Congressman Keith Self Files Congressional Amicus Brief at SCOTUS in Support of Military Chaplains’ Conscience Rights

Congressman Keith Self led an amicus brief at the Supreme Court in support of the plaintiffs in Alvarado v. Austin, 39 military chaplains who suffered a blanket denial of their Religious Accommodation Requests (RAR) followed by retaliatory actions. Twenty-five members of Congress signed Rep. Self’s amicus brief, in a strong show of support of chaplains’ right to follow their conscience.

The Department of Defense’s (DoD) COVID-19 vaccine mandate violated servicemembers’ and chaplains’ religious liberty and caused real harm to their careers. In the first place, the DoD issued blanket dismissals of chaplains’ RARs instead of giving each individual consideration as required by law. In addition, chaplains who had filed RARs endured significant retaliation—through degraded fitness reports, removal from their units, denial of permission to travel, denial of mandatory trainings for promotion, and more—that continues to stain their careers and chances for promotion. 

These actions violate specific laws Congress enacted—the Religious Freedom Restoration Act and the National Defense Authorization Act for Fiscal Year 2013—to protect the First Amendment right to freely exercise one’s religion. In addition, Congress rescinded the DoD’s vaccine mandate in December 2022.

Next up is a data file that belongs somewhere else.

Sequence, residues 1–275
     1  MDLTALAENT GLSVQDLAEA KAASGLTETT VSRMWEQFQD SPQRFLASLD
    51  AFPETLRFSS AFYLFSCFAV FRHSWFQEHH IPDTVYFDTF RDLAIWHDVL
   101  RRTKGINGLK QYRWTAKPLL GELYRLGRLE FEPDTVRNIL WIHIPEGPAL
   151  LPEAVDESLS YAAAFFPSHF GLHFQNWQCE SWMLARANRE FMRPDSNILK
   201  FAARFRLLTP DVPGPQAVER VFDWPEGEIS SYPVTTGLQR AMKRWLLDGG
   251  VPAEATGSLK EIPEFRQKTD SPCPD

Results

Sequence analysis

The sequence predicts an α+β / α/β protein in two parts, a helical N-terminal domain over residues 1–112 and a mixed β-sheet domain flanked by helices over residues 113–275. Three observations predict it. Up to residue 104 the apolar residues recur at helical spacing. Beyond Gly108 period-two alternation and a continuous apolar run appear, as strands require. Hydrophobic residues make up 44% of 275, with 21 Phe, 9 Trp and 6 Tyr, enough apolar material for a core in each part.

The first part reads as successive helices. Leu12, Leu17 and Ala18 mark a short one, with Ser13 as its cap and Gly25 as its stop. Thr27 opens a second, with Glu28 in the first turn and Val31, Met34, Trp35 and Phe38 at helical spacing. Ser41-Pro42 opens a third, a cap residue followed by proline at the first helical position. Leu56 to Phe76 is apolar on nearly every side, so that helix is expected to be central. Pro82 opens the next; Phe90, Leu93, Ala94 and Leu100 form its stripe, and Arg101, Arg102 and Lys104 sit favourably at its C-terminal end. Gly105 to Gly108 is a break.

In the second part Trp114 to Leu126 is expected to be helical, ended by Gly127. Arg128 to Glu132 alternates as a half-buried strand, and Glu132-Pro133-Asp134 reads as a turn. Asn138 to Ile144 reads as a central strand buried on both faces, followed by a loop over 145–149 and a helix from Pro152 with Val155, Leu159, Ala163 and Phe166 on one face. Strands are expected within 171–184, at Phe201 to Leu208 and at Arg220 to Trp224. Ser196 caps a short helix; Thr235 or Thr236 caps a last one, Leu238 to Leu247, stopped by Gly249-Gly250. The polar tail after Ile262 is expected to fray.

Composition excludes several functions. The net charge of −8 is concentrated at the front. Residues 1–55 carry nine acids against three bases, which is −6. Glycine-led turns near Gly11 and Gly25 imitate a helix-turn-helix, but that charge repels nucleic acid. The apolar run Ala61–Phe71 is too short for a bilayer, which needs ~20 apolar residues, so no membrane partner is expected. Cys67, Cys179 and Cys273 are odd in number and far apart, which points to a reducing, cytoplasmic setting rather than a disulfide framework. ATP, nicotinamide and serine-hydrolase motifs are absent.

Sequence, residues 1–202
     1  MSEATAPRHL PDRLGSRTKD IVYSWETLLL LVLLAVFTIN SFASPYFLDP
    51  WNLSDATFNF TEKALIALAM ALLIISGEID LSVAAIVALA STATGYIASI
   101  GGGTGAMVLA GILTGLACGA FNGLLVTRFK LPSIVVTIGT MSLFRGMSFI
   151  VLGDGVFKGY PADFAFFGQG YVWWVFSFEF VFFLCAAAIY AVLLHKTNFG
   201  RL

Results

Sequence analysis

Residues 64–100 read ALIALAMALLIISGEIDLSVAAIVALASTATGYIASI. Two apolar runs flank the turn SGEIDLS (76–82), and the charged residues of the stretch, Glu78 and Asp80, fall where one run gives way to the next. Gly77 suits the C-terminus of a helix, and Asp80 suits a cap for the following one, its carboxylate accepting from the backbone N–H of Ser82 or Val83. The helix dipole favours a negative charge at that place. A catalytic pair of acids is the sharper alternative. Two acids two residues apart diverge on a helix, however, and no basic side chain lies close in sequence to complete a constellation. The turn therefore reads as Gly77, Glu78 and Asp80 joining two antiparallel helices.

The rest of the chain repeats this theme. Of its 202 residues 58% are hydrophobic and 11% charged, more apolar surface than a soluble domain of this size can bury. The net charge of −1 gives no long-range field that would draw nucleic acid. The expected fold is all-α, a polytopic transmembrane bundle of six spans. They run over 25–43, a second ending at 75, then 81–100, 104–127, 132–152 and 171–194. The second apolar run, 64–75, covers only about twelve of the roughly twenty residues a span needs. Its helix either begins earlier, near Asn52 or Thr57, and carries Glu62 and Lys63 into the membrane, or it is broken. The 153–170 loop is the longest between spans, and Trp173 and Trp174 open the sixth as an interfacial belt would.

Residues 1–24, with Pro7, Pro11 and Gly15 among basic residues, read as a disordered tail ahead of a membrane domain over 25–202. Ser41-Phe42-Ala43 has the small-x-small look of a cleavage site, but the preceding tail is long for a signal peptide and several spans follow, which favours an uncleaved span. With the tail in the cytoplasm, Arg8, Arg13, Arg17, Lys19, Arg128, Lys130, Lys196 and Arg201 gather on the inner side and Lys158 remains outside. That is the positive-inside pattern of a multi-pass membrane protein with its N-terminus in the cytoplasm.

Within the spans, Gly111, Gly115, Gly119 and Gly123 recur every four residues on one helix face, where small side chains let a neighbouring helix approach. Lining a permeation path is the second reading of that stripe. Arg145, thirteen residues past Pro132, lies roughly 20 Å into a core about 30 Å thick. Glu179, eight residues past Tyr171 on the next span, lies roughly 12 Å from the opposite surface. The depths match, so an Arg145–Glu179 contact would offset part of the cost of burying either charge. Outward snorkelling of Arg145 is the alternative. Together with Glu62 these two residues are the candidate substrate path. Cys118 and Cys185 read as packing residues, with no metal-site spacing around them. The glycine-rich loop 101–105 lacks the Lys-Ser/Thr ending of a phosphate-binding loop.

While lower courts dismissed Alvarado v. Austin as moot, Rep. Self’s brief argues the case is not moot as the Court can still provide real relief to the wronged petitioners. The brief goes on to state, “Servicemembers do not lay aside their religious liberty upon enlisting. Chaplains, whose very job is to minister spiritually to and inform the consciences of servicemembers, must be free to follow their own conscience without fear of official retaliation.”

“Congress has recognized military chaplains’ essential role in the armed forces and has enacted specific protections for religious servicemembers’ First Amendment right to the free exercise of religion,” wrote Congressman Self. Prominent Americans, from George Washington and General Pershing to General MacArthur, commended and highlighted chaplains’ invaluable roles as defenders of servicemembers’ First Amendment rights and moral stewards of the Armed Forces.

“Both Congress and the courts have intervened in law to safeguard Americans’ rights of conscience time and again. In recognition of military chaplains’ vital role for centuries in preserving servicemembers’ freedoms, Congress has expressly outlawed the military from forcing chaplains to forsake their consciences,” Congressman Self states. “Like so many other pandemic-era cases involving a government body overstepping its bounds to restrict Americans’ First Amendment rights, requires the Article III branch to step in and provide relief.”


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